More evidence of Hiphop’s global reach comes from Swedish producer Ramjac – this 4 cut EP has been well received in his homeland and has made it across to the UK to be stocked by Bongo’s, and Rough Trade amongst others. Cut number one, ‘Touchdown’ features a cat called Shortfuse on the mic, and he spits some fairly nice lyrics (though in a fairly monotone style) over a very hard beat. There’s an element of James Brown in here too, and the whole things rests easily on a rubbery bassline. A nice starter. Following this is an extremely chilled out nu-soul type cut, ‘Monday Girl’, from Natalie Gardiner. Again the bassline is in full effect, but the hard raps are left on the shelf this time, in favour of Gardiner’s soothing vocals. Its dope dope “afterparty” music. You know what I mean. ‘Back To Back’ has a real live instrumentation feel, although the reliance on the same bouncy synth as the backbone of the cuts is starting to become a little repetitive. This time the emceeing comes from Minkhai and Iron Grip, and is a little more livelier than the previous Hiphop cut. Rounding things off, ‘Action Is Go’ is almost a producers’ attempt at a freestyle, and unfortunately it doesn’t quite come off, resulting in little more than a mess of stabbing bass keys, slaps, and kicks. All in all though its an interesting debut – there’s definitely talent there, although a few more varied examples would’ve been a little more helpful.
RATING: 6.5 / 10

Concise – Fame (Double Up Music)
Canada’s roster of hot emcees continues to swell. Concise has certainly paid dues, with his back catalogue containing impressive work with the Rascalz and Swollen Members. Still only 22 years old, his ‘Fame’ debut shows evidence of a long and fruitful career ahead. Its a smoking slab of self-produced Hiphop, featuring cuts from DJ Revolution over a sparkling Premier-inspired beat heavy with horns, and dripping with funk. The flip side, ‘Night Life’ features Concise trading rhymes with his partner Checkmate over a beat that, although a little more mellow in construction, still manages to squeeze in another lovely little horn break. And what of the man himself? Well Concise sounds uncannily like OC bang in the middle of his ‘Times Up’ era. Heads in the know, will realise that this can only be a good thing. This is how Hiphop should be.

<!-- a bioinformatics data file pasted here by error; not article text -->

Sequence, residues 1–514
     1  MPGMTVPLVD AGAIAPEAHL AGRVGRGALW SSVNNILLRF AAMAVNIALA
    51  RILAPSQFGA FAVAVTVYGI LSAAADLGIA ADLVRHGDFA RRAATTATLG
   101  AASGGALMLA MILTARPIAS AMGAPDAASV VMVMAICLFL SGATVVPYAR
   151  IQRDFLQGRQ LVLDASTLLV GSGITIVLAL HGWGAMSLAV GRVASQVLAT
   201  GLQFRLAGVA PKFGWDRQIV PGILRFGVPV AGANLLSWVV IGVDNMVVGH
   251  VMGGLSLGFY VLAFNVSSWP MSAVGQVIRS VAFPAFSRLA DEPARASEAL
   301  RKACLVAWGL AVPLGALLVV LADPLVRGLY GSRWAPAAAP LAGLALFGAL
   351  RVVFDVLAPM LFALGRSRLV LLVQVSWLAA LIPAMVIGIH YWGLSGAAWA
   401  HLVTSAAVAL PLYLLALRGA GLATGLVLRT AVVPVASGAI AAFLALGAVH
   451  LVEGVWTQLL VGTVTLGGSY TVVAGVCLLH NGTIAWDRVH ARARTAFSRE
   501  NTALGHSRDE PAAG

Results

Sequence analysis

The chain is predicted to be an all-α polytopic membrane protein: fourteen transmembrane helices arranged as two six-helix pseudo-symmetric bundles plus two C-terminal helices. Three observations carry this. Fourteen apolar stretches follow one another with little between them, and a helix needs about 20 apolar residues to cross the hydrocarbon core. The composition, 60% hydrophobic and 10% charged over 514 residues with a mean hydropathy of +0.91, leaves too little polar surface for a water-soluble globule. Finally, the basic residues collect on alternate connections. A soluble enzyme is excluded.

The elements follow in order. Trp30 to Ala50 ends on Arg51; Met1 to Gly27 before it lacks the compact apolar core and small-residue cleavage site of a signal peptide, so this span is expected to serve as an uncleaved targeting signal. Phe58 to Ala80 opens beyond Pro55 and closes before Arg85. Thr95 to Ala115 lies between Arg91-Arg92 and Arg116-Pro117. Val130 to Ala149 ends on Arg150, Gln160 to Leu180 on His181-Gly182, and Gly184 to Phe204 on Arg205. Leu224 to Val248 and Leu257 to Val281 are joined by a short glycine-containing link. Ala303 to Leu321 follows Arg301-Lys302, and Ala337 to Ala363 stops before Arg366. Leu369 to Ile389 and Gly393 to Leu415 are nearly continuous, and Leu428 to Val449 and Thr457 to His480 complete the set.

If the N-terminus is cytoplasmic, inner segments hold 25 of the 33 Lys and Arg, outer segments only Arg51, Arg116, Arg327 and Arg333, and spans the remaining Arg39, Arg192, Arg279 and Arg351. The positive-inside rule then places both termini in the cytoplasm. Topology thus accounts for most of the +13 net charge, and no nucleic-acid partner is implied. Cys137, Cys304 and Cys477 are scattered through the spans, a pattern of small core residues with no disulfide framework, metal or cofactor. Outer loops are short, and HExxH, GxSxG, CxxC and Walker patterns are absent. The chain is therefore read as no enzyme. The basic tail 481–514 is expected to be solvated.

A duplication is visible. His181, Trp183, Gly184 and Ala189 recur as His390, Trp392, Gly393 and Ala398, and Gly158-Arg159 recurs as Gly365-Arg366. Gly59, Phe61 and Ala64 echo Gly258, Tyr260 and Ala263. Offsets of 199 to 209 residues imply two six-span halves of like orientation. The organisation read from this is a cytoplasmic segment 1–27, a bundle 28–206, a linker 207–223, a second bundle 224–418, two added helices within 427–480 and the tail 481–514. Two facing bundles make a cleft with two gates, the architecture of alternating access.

RATING: 9 / 10

Richocet Klashnekoff – Zero (Kemet Ent)
Look past the cheesy moniker and you’ll soon discover that Hackney resident RK’s ‘Zero’ is a fabulous attempt to bring back Hiphop with a major injection of boom-bap. Produced by Lewis Parker, it conjurs up images of Hiphop music around ’94, when beats where bass heavy, snares snapped violently, and the only way that emcees could spit over such momentous tracks was to almost scream their lyrics. Think MOP, think Double XX Posse… then add RK to the list. The delivery is high octane for sure, but despite the debt it obviously owes to this style of Hiphop, it doesn’t sound dated. The B-side ‘Our Time’ is a lot more chilled out – again its Lewis Parker on the boards, but this time the track is built around a funky bass guitar groove, and a series of ascending / descending synths. Subject matter is as hardcore as ever though with RK calling out Sir Paul Condon (go google him) by name (“Cunt”) – its filled with references that’ll hit home with UK heads, but may fly over the heads of those in other places. But who gives a fuck – its cool to see UK cats making records FOR UK cats.
RATING: 8 / 10